Nicaragua’s access to credible news is shrinking. The Ortega-Murillo regime not only continues to shut down local media and persecute its journalists, it is now also making content available from Russian radio network and broadcaster Sputnik to some 20 Nicaraguan state-owned media outlets.
“This is a practice that by design is aimed at closing the information space, at keeping the population in the dark, because information opacity conveys control and power,” María Isabel Puerta, a political scientist with a PhD in social sciences, in exile in the United States, told Diálogo on October 12. For [Russia], it is essential that its version of events — especially since the invasion of Ukraine — continues to sow distrust in democracy, and in those countries that are guarantors of democracy.”
The dissemination of Russian news in the Nicaraguan media was made possible under a September 5 cooperation agreement between the media coordinator of the Communication and Citizenship Council of Nicaragua, Daniel Edmundo Ortega Murillo, Son of Daniel Ortega and Rosario Murillo, and Vasili Pushkov, director of International Cooperation at Sputnik.
“This agreement goes against what the Nicaraguan people demand: freedom to express themselves, freedom to be informed, without speeches manipulated from the power, with plural debates, with the possibility of listening to diverse voices,” Carlos Jornet, president of the Freedom of the Press and Information Committee of the Inter American Press Association, told Voice of America. “It’s an alliance in which both sides consolidate their contempt for professional journalism and their search to consolidate a narrative far from reality.”
The regime not only attacks local media, but also the international press. “At CNN en Español we believe in the vital role that freedom of the press plays in a healthy democracy. On [September 21] the Nicaraguan regime pulled our television signal, denying Nicaraguans news and information from our network, which they have trusted for more than 25 years,” the network said in a statement. “CNN en Español will continue to fulfill its responsibility to the Nicaraguan public by offering our news links on CNNEspanol.com, so they can access information that is not otherwise available.”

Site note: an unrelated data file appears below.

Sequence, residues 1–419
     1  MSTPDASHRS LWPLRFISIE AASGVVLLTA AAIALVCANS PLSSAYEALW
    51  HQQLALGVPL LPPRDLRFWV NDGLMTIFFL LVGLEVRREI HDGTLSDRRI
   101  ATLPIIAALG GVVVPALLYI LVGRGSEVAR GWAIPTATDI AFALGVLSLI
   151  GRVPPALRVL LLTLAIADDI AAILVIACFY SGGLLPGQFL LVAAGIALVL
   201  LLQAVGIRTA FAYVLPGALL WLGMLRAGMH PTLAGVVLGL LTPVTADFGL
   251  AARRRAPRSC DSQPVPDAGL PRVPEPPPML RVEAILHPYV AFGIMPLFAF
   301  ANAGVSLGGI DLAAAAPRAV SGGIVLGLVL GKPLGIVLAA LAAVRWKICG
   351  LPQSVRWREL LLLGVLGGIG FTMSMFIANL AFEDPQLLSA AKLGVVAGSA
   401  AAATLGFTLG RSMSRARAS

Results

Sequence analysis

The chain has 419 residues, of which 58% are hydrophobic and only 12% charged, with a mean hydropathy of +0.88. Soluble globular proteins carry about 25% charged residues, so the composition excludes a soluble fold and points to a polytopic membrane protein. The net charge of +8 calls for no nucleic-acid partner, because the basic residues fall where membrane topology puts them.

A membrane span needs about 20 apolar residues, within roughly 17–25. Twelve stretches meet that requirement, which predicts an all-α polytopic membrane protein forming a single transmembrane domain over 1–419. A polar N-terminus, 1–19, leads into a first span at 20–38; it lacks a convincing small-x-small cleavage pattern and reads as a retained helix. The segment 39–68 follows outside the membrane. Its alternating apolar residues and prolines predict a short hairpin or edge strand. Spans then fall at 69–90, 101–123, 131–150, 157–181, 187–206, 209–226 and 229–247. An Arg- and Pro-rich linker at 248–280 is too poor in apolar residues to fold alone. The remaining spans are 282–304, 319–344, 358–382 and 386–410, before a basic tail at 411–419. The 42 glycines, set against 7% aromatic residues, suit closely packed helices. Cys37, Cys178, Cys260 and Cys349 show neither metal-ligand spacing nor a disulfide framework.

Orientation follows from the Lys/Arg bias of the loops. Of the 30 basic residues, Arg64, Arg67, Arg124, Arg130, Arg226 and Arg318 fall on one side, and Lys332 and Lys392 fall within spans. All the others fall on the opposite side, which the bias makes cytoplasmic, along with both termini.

Rosario Murillo told state-owned media that the network had violated the Sovereign Security Law, passed in 2015, yet did not provide specific details, AFP reported.
“The media are fundamental pillars in a democratic system. Consequently, for [non-democratic] regimes they are an enemy to defeat and bend, so as to have control over the media and control over information,” Puerta said. “Disinformation is what contributes to a large extent to sustaining the political regime. An authoritarian regime needs to control public opinion. Free press is always an obstacle in that sense.”
According to the latest report on press freedom violations in Nicaragua by Voces del Sur (Voices of the South), a regional network of Latin American civil society organizations that promotes and defends freedom of the press and freedom of expression, 30 media outlets, among them 27 radio stations, three television channels, five local newscasts, one national and at least five talk shows were shut down between January and August 2022.
For its part, the organization Independent Journalists and Communicators of Nicaragua (PCIN) reports that more than 120 journalists are in exile. In Costa Rica alone, 65 professionals from digital, print, radio, and television are in exile.
“The persecution of the press in Nicaragua is only a reflection of the regime’s fear for what is really happening in the country to be exposed,” Víctor Pérez, director of the Nicaraguan digital magazine ÍnterTextual and a member of the PCIN’s executive committee, told Diálogo. “Some of the acts against the press are the product of a generalized desperation that seeks only to silence us, while we inform the population of the reality of what is happening inside and outside the country.”
Amid the situation in Nicaragua, Puerta recommends creating information networks, supporting independent media, and being careful with the information shared, so as not to add to disinformation tools that already exist.
“Under this environment where the regime has an iron grip, in order to prevent the dissemination of content [with disinformation], we must take responsibility for what we disseminate; so that people can have access to information that is truthful, real, verifiable,” Puerta concluded.